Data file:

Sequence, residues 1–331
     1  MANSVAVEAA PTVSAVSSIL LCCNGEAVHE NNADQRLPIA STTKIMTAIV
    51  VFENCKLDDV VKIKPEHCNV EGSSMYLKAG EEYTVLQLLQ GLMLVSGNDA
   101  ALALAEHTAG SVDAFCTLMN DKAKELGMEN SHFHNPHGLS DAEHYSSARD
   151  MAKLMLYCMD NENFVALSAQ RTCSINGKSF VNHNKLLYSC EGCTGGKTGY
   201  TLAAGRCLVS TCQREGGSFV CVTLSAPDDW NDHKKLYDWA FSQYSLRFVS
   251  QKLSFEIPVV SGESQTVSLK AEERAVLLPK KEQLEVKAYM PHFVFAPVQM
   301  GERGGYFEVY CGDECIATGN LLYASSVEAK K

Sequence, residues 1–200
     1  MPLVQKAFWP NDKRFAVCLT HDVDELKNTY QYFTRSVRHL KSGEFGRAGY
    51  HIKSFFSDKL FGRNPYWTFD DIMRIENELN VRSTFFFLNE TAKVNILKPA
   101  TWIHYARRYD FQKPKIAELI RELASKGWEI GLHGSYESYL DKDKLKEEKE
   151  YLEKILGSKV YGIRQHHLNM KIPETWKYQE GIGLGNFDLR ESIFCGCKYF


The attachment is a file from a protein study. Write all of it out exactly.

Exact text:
Sequence, residues 1–331
     1  MANSVAVEAA PTVSAVSSIL LCCNGEAVHE NNADQRLPIA STTKIMTAIV
    51  VFENCKLDDV VKIKPEHCNV EGSSMYLKAG EEYTVLQLLQ GLMLVSGNDA
   101  ALALAEHTAG SVDAFCTLMN DKAKELGMEN SHFHNPHGLS DAEHYSSARD
   151  MAKLMLYCMD NENFVALSAQ RTCSINGKSF VNHNKLLYSC EGCTGGKTGY
   201  TLAAGRCLVS TCQREGGSFV CVTLSAPDDW NDHKKLYDWA FSQYSLRFVS
   251  QKLSFEIPVV SGESQTVSLK AEERAVLLPK KEQLEVKAYM PHFVFAPVQM
   301  GERGGYFEVY CGDECIATGN LLYASSVEAK K

Sequence, residues 1–200
     1  MPLVQKAFWP NDKRFAVCLT HDVDELKNTY QYFTRSVRHL KSGEFGRAGY
    51  HIKSFFSDKL FGRNPYWTFD DIMRIENELN VRSTFFFLNE TAKVNILKPA
   101  TWIHYARRYD FQKPKIAELI RELASKGWEI GLHGSYESYL DKDKLKEEKE
   151  YLEKILGSKV YGIRQHHLNM KIPETWKYQE GIGLGNFDLR ESIFCGCKYF